Organ damage from high blood pressure doesn't only occur in adults; it can also happen in teenagers, according to research presented today at the American Heart Association (AHA) Council on Hypertension, AHA Council on Kidney in Cardiovascular Disease, American Society of Hypertension Joint Scientific Sessions 2017 in San Francisco.
And the damage to the heart and blood vessels can occur in youth at blood pressure levels that are below the clinical definition of hypertension in youth.
High blood pressure in youth is defined differently than it is in adults. In childhood, high blood pressure is based on percentiles, rather than blood pressure level. Researchers looked at whether organ damage in teens develops below the 95th percentile, which is the clinical definition of high blood pressure in youth.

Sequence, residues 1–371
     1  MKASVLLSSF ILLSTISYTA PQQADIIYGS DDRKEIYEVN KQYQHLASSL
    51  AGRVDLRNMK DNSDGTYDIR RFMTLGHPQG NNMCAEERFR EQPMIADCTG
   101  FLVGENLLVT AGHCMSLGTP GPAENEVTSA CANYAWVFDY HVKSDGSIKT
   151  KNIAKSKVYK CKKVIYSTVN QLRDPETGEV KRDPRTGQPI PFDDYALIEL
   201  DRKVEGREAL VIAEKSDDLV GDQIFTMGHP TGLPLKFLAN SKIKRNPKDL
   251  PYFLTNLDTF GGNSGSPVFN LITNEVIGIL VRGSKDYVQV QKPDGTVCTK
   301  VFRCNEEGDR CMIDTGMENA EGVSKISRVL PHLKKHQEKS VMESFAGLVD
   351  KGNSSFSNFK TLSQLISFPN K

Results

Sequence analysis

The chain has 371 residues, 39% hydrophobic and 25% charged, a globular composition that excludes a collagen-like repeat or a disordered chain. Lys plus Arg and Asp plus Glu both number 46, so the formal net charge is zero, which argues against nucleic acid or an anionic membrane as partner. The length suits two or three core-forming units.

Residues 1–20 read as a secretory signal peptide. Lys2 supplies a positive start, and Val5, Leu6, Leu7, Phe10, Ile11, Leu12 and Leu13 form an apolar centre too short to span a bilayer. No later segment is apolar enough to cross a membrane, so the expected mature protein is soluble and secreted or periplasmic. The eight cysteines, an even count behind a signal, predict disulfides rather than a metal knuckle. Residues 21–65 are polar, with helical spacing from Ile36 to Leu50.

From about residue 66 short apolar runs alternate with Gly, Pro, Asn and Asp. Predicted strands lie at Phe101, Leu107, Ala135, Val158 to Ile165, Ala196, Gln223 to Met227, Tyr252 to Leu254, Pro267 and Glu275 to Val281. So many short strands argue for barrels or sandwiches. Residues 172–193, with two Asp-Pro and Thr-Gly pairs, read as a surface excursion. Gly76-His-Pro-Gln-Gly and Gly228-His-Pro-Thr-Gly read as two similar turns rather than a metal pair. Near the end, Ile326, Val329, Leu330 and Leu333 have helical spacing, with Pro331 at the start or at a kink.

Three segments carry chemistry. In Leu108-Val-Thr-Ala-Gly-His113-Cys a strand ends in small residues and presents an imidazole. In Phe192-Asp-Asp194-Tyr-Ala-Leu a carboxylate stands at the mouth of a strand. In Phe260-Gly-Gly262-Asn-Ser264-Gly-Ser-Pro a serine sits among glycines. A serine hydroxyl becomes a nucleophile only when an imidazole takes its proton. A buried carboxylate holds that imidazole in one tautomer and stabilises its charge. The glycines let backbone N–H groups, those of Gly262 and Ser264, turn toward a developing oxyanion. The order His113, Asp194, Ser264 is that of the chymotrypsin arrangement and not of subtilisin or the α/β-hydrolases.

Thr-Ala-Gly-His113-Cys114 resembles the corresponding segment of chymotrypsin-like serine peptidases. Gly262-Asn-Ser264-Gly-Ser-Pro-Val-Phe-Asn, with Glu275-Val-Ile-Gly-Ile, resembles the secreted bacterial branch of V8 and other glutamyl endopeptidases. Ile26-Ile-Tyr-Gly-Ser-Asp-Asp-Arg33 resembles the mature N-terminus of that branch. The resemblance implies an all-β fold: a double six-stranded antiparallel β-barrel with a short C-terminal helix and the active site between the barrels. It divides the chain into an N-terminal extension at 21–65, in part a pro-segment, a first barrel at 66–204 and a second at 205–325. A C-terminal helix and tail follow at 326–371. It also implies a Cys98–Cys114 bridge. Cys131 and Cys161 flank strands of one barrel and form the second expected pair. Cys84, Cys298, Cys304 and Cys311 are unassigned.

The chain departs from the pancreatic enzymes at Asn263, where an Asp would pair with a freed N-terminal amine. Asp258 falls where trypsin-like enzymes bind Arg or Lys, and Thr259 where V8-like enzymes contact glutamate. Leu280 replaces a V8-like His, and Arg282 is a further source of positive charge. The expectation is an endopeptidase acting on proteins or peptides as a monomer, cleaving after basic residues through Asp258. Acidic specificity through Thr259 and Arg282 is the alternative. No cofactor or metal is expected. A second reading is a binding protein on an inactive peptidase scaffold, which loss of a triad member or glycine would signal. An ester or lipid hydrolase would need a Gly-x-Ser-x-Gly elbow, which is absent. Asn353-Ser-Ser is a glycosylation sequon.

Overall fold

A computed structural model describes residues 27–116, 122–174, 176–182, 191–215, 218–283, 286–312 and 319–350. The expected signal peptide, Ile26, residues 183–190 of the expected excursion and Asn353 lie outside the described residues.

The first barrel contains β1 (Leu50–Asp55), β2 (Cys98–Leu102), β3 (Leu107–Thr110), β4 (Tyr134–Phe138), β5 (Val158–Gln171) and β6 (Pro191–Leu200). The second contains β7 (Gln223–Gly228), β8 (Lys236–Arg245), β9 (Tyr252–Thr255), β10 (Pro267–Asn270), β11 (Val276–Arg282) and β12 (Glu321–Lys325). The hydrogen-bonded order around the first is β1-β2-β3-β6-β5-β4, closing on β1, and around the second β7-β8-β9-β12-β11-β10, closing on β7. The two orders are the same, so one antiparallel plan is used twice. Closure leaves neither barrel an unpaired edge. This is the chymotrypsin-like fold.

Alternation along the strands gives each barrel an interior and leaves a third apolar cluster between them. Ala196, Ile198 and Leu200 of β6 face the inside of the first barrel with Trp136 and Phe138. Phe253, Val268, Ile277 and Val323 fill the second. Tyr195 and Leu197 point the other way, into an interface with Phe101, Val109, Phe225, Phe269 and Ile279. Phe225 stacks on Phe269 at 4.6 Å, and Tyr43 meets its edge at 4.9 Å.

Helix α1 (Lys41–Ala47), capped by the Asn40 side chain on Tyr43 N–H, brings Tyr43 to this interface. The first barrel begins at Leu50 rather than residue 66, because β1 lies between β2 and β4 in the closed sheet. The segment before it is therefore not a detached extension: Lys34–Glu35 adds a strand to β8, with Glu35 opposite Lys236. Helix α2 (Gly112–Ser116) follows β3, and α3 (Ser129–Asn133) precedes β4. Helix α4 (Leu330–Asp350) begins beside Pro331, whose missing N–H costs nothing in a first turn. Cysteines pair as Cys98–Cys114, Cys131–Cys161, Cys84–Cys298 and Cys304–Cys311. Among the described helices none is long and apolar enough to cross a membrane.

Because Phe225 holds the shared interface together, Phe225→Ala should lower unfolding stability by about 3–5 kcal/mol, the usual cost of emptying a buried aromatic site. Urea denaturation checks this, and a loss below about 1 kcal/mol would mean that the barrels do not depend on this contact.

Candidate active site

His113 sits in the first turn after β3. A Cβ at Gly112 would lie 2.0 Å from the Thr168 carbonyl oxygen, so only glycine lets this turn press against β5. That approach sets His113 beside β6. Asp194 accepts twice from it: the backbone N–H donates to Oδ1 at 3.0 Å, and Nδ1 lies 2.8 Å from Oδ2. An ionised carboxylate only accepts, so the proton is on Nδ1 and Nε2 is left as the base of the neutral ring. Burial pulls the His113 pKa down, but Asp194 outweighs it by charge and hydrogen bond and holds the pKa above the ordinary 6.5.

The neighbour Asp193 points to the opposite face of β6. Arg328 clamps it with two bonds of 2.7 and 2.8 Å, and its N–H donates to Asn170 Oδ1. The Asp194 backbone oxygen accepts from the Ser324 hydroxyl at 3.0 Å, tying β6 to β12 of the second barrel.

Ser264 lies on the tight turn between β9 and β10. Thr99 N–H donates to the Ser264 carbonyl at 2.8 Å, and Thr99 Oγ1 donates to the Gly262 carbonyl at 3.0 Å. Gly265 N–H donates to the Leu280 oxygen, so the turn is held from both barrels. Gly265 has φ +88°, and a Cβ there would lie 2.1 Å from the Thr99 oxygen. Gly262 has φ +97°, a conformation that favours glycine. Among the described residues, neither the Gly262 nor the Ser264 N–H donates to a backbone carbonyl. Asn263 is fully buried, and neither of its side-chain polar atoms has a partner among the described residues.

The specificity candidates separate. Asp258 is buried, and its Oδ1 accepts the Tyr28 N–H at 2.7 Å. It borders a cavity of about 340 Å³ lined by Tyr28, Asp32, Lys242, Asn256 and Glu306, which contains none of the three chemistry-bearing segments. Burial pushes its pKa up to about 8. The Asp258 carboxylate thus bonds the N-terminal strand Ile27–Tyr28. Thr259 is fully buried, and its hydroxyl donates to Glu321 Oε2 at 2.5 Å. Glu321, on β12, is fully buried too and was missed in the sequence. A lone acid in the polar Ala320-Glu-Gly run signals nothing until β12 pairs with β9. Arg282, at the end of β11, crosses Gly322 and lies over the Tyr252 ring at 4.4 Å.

Researchers studied blood pressure and measured organ damage in 180 teenagers (14-17 years old, 64 percent white, 57 percent males). They found evidence of organ damage even among the youth categorized as "normal" with blood pressure less than in the 80th percentile. They also found heart and vessel damage in the mid-risk group, which had blood pressures in the 80th to 90th percentiles and the high-risk group, with blood pressures above the 90th percentile.
"Some adolescents may have organ damage related to blood pressure and are not targeted for therapy," said Elaine M. Urbina, M.D., M.S., study author and director of preventive cardiology at Cincinnati Children's Hospital Medical Center in Ohio. "Imaging of the heart may be useful in youth in the high-normal range of blood pressure to determine how aggressive therapy should be."
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